Friday 1 July 2011 by Emma Campbell. 4 comments.
News

In the early morning of 1 July 1916, more than 100,000 British infantrymen were ordered from their trenches in the fields and woods north of the Somme River in France, to attack the opposing German line.

Within 24 hours, the British army would suffer almost 60,000 casualties, a third of whom were killed, and record the most costly day in its history.

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Sunday 15 May 2011 by Dianne Rutherford. 5 comments.
News, Personal Stories Second World War, USS Mugford, AHS Centaur

 

Talmadge Johnson in 1940 (Photograph courtesy of L Johnson)

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Thursday 7 April 2011 by Andrew Currey. 2 comments.
News, Collection

One of the many problems trench warfare presented to soldiers in the First World War was finding out what the enemy was doing behind his lines.  The simple solution to this was height, and in a relatively short time many ways of getting men and a camera off the ground were developed.

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Thursday 31 March 2011 by Nicholas Schmidt. 1 comments.
News, Collection, Conservation, ANZAC Connections

The papers of Field Marshal the Lord Birdwood will be undergoing conservation, rehousing and digitisation for their long term preservation.

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Wednesday 23 March 2011 by Ally Roche. 3 comments.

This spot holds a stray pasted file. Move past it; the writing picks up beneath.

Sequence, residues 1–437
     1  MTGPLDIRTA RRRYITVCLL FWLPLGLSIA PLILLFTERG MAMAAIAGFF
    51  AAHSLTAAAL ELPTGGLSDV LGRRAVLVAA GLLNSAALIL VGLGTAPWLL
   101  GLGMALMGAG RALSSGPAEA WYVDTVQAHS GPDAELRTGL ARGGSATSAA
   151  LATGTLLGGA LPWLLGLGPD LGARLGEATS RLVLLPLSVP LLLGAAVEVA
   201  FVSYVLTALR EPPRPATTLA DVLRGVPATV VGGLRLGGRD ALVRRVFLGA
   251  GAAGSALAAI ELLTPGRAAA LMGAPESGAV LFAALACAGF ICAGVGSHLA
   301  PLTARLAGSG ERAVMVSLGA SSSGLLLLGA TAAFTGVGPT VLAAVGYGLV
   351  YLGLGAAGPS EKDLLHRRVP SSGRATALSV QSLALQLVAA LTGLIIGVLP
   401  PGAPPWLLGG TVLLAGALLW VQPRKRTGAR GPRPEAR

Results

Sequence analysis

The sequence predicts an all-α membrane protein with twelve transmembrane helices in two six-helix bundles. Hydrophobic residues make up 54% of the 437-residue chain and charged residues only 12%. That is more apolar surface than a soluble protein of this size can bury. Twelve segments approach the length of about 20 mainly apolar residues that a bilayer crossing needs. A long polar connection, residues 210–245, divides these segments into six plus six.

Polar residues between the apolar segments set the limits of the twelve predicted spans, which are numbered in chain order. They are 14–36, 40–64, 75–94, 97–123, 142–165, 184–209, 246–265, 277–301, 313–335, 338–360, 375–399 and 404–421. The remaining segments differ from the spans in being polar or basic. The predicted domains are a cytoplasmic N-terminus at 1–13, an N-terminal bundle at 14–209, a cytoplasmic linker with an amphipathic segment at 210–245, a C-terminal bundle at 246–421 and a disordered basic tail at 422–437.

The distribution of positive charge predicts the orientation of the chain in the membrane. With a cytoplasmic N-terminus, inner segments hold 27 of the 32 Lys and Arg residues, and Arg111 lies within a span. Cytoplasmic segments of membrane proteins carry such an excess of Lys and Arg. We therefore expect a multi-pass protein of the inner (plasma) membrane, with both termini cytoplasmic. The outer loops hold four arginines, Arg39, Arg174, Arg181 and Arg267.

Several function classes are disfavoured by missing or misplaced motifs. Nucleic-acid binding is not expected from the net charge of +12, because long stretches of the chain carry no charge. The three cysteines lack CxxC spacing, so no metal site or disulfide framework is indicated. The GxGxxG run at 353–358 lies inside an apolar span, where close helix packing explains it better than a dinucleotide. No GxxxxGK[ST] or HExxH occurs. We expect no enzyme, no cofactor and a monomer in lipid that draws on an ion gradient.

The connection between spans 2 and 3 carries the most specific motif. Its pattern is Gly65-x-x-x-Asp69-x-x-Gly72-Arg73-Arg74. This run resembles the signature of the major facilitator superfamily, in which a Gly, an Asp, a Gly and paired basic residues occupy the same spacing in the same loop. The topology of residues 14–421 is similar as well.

News, Collection First World War, Western Front, Technology, Frontline troops

The bicycle is a machine that we can all relate to, it’s a common denominator.  Be that early childhood memories of the first ride down that steep hill, the freedom to go distances that would be problematic on foot or that flat tyre at the most inconvenient time.

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Wednesday 23 March 2011 by Carlie Walker. 1 comments.
News

Date: Tuesday 5 April 2011 at 1:00 pm

Location: Animals in War

Sculpture Garden

Australian War Memorial

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Friday 25 February 2011 by Peter Burness. 29 comments.
News

Vignacourt is an old rural village in France, larger than most, 12 kilometres north of the city of Amiens.

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Thursday 24 February 2011 by LEUT Debra Holland. No comments.
News

Monday 14 February 2011 by Nicholas Schmidt. 4 comments.
News, Personal Stories, Collection, Collection Highlights, ANZAC Connections

Recently, I have been working on the papers of Field Marshal the Lord Birdwood, the First World War British General who commanded the Australian Corps for much of the First World War (including at Gallipoli). Amongst the papers, donated by the Birdwood family in the 1960s, I have found a story I think is suitable for a Valentine’s Day blog entry.

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